*Speak easy: According to Wikianswers.com, A speakeasy was an establishment that was used for selling and drinking alcoholic beverages during the period of United States history known as Prohibition (1920-1933, longer in some states), when the sale, manufacture, and transportation of alcohol was illegal. The term comes from a patron’s manner of ordering alcohol without raising suspicion – a bartender would tell a patron to be quiet and “speak easy”.

Posted in Behavior/ ABA, Speech and Occupational Therapy

Blog #34~ Holiday Stress

Blog #34~ Holiday Stress

The holidays should be a time of joy and celebration.  This is not always the case for families of children with special needs, especially autism. The pressures we all experience with the demands of extra shopping, cooking, cleaning, decorating and the barrage of company can be daunting.  The level of anxiety you have may be tenfold for someone who has autism.  We all handle stress in different ways.

“What can I say?  Its Christmas and we’re all miserable”……Oh I love that movie Christmas Vacation. 🙂

Christmas vacation cig pic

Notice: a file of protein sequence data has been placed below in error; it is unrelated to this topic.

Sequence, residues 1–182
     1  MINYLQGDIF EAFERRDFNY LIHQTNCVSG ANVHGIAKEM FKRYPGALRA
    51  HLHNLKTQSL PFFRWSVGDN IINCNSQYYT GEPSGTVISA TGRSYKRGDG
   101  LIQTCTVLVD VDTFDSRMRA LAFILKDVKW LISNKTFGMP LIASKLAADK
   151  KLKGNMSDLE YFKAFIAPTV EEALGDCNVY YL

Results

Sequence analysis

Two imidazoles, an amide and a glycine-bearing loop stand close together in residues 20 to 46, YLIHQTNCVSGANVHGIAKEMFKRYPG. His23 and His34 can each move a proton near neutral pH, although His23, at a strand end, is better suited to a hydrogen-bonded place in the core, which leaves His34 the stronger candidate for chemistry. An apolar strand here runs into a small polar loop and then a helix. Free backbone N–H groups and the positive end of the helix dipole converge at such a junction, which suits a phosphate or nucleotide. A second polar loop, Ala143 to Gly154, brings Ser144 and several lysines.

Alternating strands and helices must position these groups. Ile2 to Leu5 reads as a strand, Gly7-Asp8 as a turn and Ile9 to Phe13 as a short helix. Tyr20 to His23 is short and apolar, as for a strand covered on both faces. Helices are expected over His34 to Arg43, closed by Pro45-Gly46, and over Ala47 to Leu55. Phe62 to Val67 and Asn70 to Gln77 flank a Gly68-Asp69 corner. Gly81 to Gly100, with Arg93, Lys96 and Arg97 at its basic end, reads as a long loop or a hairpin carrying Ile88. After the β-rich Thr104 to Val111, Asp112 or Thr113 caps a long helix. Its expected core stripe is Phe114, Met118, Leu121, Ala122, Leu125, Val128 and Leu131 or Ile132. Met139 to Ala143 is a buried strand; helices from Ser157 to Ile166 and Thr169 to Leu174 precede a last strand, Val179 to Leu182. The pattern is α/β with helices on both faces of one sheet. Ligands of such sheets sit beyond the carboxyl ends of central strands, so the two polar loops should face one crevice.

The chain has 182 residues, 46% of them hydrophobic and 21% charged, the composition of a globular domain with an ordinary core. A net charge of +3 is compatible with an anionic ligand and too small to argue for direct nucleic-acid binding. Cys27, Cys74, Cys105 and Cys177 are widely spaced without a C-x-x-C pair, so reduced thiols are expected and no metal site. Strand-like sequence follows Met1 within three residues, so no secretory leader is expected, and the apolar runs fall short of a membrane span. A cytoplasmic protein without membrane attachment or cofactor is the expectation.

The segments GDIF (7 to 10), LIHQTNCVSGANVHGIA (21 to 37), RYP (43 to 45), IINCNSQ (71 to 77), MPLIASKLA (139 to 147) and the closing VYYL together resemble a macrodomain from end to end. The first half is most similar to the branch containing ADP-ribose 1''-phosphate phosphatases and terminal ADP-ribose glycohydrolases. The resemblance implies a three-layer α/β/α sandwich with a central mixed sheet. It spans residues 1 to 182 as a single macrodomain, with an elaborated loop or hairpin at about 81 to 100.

A few weeks ago in Blog #30~ 7 Senses of the World, I wrote about sensory processing disorder.  Taking in the senses in the environment can be both over and underwhelming and Blog #30 showed specific ways to cope.  I heard from many of you on what you found aversive along with ways you handle sensory overload.  Some of you struggle with crowds and people moving into your personal space.  Another was overhead lights. My son Hank and I can’t stand them and use indirect lights as often as we can.  Aversion to color and textures was another that my readers expressed.  So Ali it’s not just you and green slimy food like olives and artichokes. One of my friends has trouble with any foods that are white (sour cream, cottage cheese, milk, etc….)  I learned so much from my readers like how the color orange bothers one along with brown which reminds her of vomit.  Isn’t the sensory processing machine fascinating? 🙂